Like most people, I have way too much going on and way too much on my mind. There are only 24 hours in a day (5-6 of which I am asleep-ish) and  somehow, I’m supposed to cram 1.5 billion things into that time.

Wake up. Mind races. Get in shower. Shovel down breakfast. Drink cold coffee. Get everyone dressed. Feed them. Pack lunches. Pack snack. Brush kids’ teeth. Pack library book. Finish decorating Valentine’s Day box. Pack Valentine’s Day box. Find boots. Heat up cold coffee. Dry hair. Break up fight with the kids. Where’s your tablet? I don’t know. Untie double knots in shoes. Put shoes on kid. Realize they are not his shoes. Find the right shoes. Let the dog out. Let the dog in. Clean up muddy paw prints. Chase dog out of kitchen. Yell at dog for eating a Ziplock bag. When’s show and tell? Is it today? Checks calendar. Yup, it’s today. Phone notification. Send important email this morning. Ugh. Forgot about that. Walks past makeshift craft space in dining room. Ugh. Such a mess. So much more to do today. Checks Google calendar. Ugh…I forgot about scouts tonight. I can’t. Runs upstairs. Brushes teeth. Grabs coat and hat. Decides to go to gym. Throws together all gym essentials. Feels bad for ignoring preschooler amidst all of this. Preschooler smiles when I look at him. Heart breaks a little. 8:27. Put on your damn gloves!!! Kindergartner’s face falls. Why did you have to swear? Because I got mad! Don’t you ever get mad?!?! Yes, mommy, but I try to control myself when I get mad. HEART SHATTERS INTO A MILLION PIECES AND EXPLODES OUT OF MY CHEST.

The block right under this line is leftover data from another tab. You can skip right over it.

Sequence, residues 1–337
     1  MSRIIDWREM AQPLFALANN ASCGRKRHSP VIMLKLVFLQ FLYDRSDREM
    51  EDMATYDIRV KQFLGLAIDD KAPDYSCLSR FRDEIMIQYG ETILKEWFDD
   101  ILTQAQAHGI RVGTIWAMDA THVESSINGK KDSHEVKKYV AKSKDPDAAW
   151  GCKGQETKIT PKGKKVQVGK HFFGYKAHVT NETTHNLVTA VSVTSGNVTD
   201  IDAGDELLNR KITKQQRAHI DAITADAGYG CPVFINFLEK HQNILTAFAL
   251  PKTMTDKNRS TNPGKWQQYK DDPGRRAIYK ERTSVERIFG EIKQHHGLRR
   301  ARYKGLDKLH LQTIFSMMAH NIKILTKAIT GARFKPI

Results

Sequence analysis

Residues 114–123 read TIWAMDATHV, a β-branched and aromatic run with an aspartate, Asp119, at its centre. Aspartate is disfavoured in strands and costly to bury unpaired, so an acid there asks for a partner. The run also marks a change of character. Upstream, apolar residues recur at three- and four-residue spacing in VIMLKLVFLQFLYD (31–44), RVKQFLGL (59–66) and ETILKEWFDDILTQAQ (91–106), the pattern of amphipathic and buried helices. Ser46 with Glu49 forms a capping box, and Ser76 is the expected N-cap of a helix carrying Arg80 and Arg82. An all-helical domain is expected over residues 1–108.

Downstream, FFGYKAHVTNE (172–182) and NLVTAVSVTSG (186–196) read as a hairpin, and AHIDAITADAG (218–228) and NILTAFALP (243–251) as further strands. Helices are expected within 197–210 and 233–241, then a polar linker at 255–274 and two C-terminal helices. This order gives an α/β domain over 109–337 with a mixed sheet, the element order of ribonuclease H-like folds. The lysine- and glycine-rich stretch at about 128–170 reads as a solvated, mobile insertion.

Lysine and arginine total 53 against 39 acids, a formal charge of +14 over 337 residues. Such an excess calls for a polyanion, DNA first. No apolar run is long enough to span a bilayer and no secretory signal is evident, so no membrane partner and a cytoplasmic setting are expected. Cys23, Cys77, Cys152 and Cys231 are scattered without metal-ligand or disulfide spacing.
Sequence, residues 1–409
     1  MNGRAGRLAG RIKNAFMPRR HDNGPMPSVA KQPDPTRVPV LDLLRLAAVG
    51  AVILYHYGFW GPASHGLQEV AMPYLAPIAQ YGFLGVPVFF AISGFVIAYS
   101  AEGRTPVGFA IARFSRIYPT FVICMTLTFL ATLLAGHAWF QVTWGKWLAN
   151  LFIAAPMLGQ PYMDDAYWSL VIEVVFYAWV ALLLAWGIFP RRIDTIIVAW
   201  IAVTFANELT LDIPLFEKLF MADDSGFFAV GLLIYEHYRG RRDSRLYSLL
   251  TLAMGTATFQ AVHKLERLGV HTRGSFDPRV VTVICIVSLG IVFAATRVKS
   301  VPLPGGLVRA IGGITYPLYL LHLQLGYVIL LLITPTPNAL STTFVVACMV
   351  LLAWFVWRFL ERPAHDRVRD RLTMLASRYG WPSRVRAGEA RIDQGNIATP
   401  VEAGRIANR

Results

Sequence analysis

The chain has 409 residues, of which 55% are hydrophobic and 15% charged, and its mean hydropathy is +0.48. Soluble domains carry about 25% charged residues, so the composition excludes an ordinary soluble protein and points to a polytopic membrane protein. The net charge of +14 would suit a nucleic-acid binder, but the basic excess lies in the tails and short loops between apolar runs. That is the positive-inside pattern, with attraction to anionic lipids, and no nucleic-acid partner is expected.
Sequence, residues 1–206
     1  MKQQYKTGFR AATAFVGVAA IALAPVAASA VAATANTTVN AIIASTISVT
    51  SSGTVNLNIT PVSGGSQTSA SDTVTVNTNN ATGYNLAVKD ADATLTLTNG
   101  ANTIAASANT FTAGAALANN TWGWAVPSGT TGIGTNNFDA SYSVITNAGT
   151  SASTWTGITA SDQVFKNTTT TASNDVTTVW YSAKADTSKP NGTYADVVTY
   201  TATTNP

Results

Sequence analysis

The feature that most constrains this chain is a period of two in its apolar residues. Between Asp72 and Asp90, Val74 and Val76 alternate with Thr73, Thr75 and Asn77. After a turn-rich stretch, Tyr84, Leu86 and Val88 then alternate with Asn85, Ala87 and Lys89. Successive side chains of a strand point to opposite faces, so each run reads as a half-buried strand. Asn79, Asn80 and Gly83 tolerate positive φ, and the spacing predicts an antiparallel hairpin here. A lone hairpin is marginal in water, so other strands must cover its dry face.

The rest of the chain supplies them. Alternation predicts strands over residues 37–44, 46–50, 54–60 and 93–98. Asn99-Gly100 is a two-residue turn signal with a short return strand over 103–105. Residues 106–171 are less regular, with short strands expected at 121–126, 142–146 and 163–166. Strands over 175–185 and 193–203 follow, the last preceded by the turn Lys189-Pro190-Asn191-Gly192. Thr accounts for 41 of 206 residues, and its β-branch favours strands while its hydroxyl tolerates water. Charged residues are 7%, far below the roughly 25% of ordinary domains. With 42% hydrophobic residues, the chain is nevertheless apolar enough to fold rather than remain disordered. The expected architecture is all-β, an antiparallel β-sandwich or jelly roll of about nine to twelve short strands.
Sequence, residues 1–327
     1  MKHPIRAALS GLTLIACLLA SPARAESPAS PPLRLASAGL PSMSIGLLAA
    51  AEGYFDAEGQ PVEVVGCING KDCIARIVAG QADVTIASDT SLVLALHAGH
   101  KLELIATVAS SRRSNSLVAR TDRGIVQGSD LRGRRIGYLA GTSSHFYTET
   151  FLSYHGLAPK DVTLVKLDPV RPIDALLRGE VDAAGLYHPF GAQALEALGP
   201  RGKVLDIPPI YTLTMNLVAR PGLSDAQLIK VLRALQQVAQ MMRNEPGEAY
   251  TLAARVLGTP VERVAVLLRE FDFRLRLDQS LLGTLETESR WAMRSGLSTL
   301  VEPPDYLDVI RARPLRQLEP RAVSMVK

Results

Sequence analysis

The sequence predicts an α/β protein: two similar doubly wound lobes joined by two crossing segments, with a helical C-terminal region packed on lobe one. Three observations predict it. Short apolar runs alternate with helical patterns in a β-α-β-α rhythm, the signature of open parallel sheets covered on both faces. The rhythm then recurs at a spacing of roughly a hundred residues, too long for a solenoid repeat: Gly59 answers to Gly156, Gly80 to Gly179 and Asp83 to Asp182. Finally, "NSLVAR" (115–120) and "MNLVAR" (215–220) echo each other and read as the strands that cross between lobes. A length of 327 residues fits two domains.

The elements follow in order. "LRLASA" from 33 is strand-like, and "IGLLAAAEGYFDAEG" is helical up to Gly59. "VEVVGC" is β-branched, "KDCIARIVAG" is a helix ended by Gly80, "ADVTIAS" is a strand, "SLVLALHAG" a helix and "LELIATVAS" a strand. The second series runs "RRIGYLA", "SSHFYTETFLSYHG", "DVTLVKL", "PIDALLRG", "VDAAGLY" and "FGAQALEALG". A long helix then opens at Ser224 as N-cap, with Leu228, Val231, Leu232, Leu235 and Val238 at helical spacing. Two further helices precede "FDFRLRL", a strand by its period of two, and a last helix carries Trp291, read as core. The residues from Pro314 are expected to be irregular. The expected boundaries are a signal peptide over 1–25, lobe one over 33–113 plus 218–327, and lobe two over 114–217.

And like the scratch of a needle being yanked off a vinyl record, there is a very abrupt silence.

I reach out to him. I softly pull him in. His baby-soft cheek is pressed up against mine. His shoulders soften as he leans into his mother’s embrace. He knows that I know. Hot tears well up in my eyes. Every day they are there, just waiting for the right moment to dive down my cheeks and race towards my heart. It is the first time today that I have felt present in the moment. And it is a beautifully painful moment to be a part of.

“Can you try not to swear as much?” he asks me, nervously searching my face with his bright, hazel eyes.

“I shouldn’t swear at all, sweet boy.”

“Well,” he says with a casual shrug, “sometimes it’s going to happen.”

I smile at him, completely in awe of his capacity for compassion for his mother and his wisdom.

“Yes, but I swear that I will try to do better.”

Opens door. Runs out into the cold. Loads Kindergartner on bus. Watches as it drives away. Silently looks up at the sky, hoping to God that despite all of my faults and mistakes that he will grow up to be a good man.